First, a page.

Watcher

He walks our hay meadow often, with his camera, binoculars and a lunch box. He crosses the stile, then stops to smell the honeysuckle. He closes his eyes as he inhales the sweet pungent fragrance that emanates from the pale yellow tubular flowers. He’s appreciative of the natural things in life, I imagine.

He whispers to the birds and the bees as he rambles through the wild rebellious grass. Sometimes he lies among the buttercups to stare at the sky, photographing the clouds or a passing jet. Then he sits in the shade for a while, eating his lunch.

He wears a silly hat when it rains and a different silly hat when the sun shines. Perhaps he comes here because it’s peaceful and serene—most of the time. Sometimes the thrashing of farm machinery in the distance disturbs the serenity, and Farmer Tom’s noisy old tractor passes by now and then.

He caught me watching him one day and I fled to the old farmhouse that is my home. I hoped he wouldn’t follow me; yet I didn’t feel afraid…only shy. He seems a kind gentleman, not likely to cause me any harm—like some of the others.

He didn’t follow me but he came back the next morning and I watched him again; out of sight, shielded by the foliage of the hedgerow. Red Fox slinked through the meadow and the man took lots of pictures of him. That made him happier than the time he got a shot of the melodious Blackcap warbler. I wondered if he’d like to take pictures of me. If that might make him happy. I know he’s aware of my presence.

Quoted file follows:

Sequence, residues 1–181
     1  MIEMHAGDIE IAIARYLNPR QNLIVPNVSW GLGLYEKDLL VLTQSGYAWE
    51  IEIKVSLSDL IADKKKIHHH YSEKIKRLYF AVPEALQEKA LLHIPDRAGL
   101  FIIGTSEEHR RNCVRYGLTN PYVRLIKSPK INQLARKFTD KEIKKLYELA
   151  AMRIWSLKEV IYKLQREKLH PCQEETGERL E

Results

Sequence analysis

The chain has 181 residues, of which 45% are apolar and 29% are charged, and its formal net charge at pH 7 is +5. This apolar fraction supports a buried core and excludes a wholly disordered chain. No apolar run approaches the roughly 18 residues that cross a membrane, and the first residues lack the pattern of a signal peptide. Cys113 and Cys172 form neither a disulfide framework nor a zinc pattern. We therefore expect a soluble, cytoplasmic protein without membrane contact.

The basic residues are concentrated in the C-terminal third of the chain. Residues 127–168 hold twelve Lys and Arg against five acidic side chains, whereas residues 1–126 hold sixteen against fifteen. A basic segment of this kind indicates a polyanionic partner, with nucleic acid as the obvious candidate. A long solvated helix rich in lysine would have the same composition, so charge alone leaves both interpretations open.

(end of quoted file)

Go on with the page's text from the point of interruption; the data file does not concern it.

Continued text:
The noisy machinery will soon make its way to this uncut meadow and he might not come back here after that. It’s time to give him what I know he wants, even though I know that when I do, I won’t see him again. But that’s okay because I too will soon leave the meadow, and my adoptive parents.

I called out to him. He looked all around. I called again, teasing him. He took off his silly sun hat and craned his neck, as if pushing his ears forward so they could hear me more clearly. A funny little man indeed. He stood in the middle of the meadow peering through his binoculars.

Then I showed myself…in all my glory. ‘Cuckoo’, I sang. ‘Cuckoo.’ I perched on Farmer Tom’s rusty gate and dared him to come closer. He did, very slowly, with his mouth open and his eyes as bright as stars. His got down on his knees and positioned his camera.

I ruffled my grey barred feathers and opened my pointy wings. I gave him more time than any bird ever did, I guessed. But I think he deserved my attention, and I trust that his rendition of how he captured the rare cuckoo in the lens of his camera, will glorify his ego—and mine!

Image by Erik Karits from Pixabay

This short story is in response to Bloggers Picture Prompt #4

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22 thoughts on “Watcher

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